Context, Eliciting, Modelling, and Drilling | Key Concepts For English Teachers
In order to teach effective lessons and help their students succeed, English teachers need to be well-versed in key teaching concepts such as context, eliciting, modeling, and drilling. By understanding and using these teaching strategies effectively, English teachers can provide their students with the tools they need to become successful speakers of the English language. In this guide, we will explain in detail the English teaching concepts of context, eliciting, modeling, and drilling and provide lots of examples so you can implement these strategies in your class. First, let’s look at the concept of teaching in context.
What Is Context?
Teaching in context is incredibly important for English language teachers, especially when introducing new vocabulary or grammar. But what do we mean by ‘context’?
Context, in relation to English language teaching, means creating easy-to-understand situations that help to convey the meaning and use of a particular language item to students. This could be achieved by drawing a scene on the board, describing a scene to students, showing students a picture or video, etc. Let’s look at an example.
In a lesson teaching about plural nouns, you might draw a simple farm on the board with different animals. This is a great context to teach plural nouns because most children and beginner learners will know what a farm is and what animals are. After drawing the farm and animals, you could elicit from students how many cows, sheep, chickens, etc, they can see.
After putting the lesson’s language item in context, it is a great idea to elicit the target language from students to find out what they already know and to activate any existing knowledge.
What is Eliciting?
When you elicit language from students, you are encouraging them to say something themselves. You can elicit something from students by asking them a question, asking them to complete an unfinished sentence, showing them a flashcard or a picture of a scene, miming an action, etc.
For example, in a lesson about plural nouns, having drawn different animals on the board, you might ask, “How many cows do I have?” and students would answer, “One cow.” Then, you could draw another cow and ask, “How many cows do I have now?“, to which they would answer, “Two cows.” Here, you are eliciting the singular and plural forms of the noun ‘cow’ from students.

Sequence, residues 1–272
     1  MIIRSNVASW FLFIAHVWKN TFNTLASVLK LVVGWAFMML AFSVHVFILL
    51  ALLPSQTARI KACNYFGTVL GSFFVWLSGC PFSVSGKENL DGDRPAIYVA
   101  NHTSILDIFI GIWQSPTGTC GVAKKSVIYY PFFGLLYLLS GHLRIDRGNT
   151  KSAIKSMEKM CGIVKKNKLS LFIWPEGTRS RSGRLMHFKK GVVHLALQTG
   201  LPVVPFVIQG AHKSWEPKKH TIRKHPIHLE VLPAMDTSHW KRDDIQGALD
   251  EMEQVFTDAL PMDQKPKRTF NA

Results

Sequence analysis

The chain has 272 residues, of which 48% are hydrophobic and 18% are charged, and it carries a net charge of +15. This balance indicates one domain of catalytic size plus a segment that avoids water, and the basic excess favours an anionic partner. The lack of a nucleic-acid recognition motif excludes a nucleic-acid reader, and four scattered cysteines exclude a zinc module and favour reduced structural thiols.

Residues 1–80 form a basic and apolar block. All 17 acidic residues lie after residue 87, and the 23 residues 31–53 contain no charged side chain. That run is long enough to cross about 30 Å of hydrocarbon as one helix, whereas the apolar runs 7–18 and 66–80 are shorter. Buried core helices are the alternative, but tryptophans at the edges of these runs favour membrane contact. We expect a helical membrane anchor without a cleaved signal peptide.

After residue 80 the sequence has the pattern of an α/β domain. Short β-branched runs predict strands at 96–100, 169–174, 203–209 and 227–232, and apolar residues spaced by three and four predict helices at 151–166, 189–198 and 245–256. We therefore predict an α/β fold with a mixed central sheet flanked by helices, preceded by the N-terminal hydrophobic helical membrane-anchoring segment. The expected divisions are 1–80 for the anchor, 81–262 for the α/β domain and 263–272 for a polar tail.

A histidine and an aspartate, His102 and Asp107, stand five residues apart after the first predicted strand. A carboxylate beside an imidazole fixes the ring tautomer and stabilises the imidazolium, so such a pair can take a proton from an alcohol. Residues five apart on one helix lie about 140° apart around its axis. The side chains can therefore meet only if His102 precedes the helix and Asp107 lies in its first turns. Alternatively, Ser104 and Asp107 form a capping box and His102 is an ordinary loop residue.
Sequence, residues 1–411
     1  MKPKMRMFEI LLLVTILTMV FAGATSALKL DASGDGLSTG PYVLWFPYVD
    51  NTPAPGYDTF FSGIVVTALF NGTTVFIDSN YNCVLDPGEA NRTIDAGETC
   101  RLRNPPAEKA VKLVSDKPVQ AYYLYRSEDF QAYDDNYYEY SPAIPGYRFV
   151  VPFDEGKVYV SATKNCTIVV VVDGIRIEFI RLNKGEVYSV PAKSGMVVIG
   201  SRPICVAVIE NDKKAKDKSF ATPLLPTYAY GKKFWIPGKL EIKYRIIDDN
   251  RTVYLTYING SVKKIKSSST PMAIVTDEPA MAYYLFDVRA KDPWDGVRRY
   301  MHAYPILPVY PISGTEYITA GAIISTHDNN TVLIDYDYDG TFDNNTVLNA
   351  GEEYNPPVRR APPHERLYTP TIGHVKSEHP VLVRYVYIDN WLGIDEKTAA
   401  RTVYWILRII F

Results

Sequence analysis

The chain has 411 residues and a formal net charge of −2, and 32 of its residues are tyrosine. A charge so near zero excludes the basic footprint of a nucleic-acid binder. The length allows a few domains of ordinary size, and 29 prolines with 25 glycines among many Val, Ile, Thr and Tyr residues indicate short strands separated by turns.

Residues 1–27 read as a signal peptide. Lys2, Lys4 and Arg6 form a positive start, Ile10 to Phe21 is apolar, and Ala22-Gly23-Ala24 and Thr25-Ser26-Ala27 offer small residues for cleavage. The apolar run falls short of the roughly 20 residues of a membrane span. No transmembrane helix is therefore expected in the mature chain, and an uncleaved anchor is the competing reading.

You can use eliciting to reduce teacher talking time and to involve students in class. Eliciting is also used to find out what students already know and to have them recall the information they have learned in the lesson. You can also use eliciting as a way to encourage students to share their own thoughts and ideas about a particular topic in the lesson.
What Is Modelling?
Modeling involves demonstrating and imitating the desired language or behavior from students. In English language teaching, modeling is used to show students how to form or pronounce a particular word or sentence. It is important when modeling language to students to speak loudly and clearly with a natural intonation so that students can hear the language item as it is said normally.
The term ‘modeling’ is also used in classroom contexts to refer to the process of showing students how to do a particular activity. For example, if you were playing one of our many ESL games, before you start, you would demonstrate an example of how to play so that students know how to play and what target language to use during the game.
What Is Drilling?
In English language teaching, drilling refers to the practice of modelling a sentence or grammatical item and then having students repeat what you just said. This can be done chorally as a whole class or you can have individual students repeat after you. The purpose of drilling is to help students focus on and improve things like pronunciation, word order, tense, and so on.
Drilling is not really a realistic or communicative use of language, but it is very useful to help students with things that require a lot of practice. The learner’s native language may have different sounds, word orders, and grammatical structures, and so they often need lots of practice drilling to speak English accurately and confidently.
More Useful Teacher Guides
Now that you understand these key concepts in English language teaching, head over to our other teacher guide articles to see lots of useful content on how to teach particular grammar points and various topics that English language learners typically study.